Another chance for pride started in 1970s, when the Ladies got playing,
Every mother, wanted GAA to teach their teenage athlete how to be a leader,
Busy washing contents of gear bags, chauffeuring matches, she never noticed her hair greying.

But now Gaelic mothers are in the 21st century, role of supporter has metamorphosed to player,
Taking time to display their talents as forwards, backs, midfielders, goalkeepers and substitutes,
Contemporary Gaelic mothers brought in a few others, for a bit of craic over the summer,
Wearing hearts on their boots, Gaelic mothers show off knowledge of their traditional roots.

In thirty two counties, mothers have burst on to Gaelic football fields with love,
Of the sport they created over a century ago…

– L.J. Lenehan –

Children’s Money

My sister-n-law gave my daughter a couple of euro for helping her mind her baby. I brought my daughter to the shop so she could buy something. She bought an ice cream and a mineral. When we got back in the car she was in the floods of tears and I asked her what was wrong. My daughter said she was upset because she spent most of her money and did not have much left. I told her I really understood how she felt.

Tooth Fairy

My daughter lost her first big tooth. This was monumental because every other tooth she has lost has fallen down the sink. This tooth however fell out in her Grandmother’s house and we were very excited to put the tooth under her pillow. Within an hour my daughter was in floods of tears. The tooth was missing!

I told my daughter not to worry about it that she could write a letter to the Tooth Fairy explaining what had happened and he would leave her a present under the pillow anyway. We forgot to write the letter! In fact we forgot to write the letter for three days.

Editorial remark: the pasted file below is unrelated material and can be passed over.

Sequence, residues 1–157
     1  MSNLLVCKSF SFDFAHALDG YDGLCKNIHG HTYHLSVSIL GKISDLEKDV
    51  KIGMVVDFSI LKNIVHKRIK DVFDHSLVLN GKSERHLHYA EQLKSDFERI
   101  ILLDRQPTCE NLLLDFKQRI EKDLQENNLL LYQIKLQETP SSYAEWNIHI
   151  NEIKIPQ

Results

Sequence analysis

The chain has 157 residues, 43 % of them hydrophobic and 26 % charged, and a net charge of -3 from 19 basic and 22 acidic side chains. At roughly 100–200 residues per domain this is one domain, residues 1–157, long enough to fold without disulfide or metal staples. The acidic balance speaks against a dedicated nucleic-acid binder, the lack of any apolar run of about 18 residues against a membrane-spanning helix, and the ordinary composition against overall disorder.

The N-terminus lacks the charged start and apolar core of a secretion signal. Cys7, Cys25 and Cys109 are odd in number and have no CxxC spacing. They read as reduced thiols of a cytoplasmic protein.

My daughter was very sad that the tooth fairy had forgotton her. I rang her grandmother and asked her if the Tooth Fairy had left any money in her house being confused because the tooth had been lost in her house. Luckily enough the Tooth Fairy had indeed left money in her house for her.

We drove immediately to my mother-n-laws house and she told her which bed she had found the money on. My daughter and her grandmother walked down and retrieved the money. On the way back up the hall I heard my daughter ask her grandmother, ‘are you that the Tooth Fairy came and that you did not just put the money under the pillow for me?’


Curly Hair

Pink everything exploded in my house seven years ago when I met my beautiful daughter. Since day one she stole my heart. She is fantastically funny, sweet, pretty and likes everything to do with being a girl. At seven she knows more about fashion that I could ever hope to know.

My daughter has beautiful curls but they are impossible to keep. As much as my daughter loves being a girl and everything to do with being a girl she has not made the connection that brushing her hair daily is part of being fashionable.

This week my daughter told me that she is only going to let her Aunt brush her hair. That would be okay if her Aunt lived next door but she lives a half hour away from us and we only see her every other week or so. In a weak moment I gave in to the craziness and said I would bring her to buy a special brush that she could choose if she would just brush her hair every day. Yes, I was bargaining, pleading and begging all at the same time.

Infuriated she looked up at me with her beautiful green eyes and said what part of my Aunt will brush my hair do you not understand?

I’m laughing because I don’t understand any part of that statement or how she can think that is a workable solution…

It’s Because I’m American

My seven year old daughter received an invitation for a birthday party today which had detailed instructions for her friends party including an R.S.V.P. My daughter is an inquisitive little soul and she asked me what R.S.V.P. means. I said, ‘I don’t know, respond specially to something with a v and a p.’

My husband always happy to show off how much he learned in school said, ‘Répondez s’il vous plaît, it’s French.’

My daughter said, ‘Mommy just didn’t know because they don’t teach French in America.’ I said, ‘It’s true, they don’t.’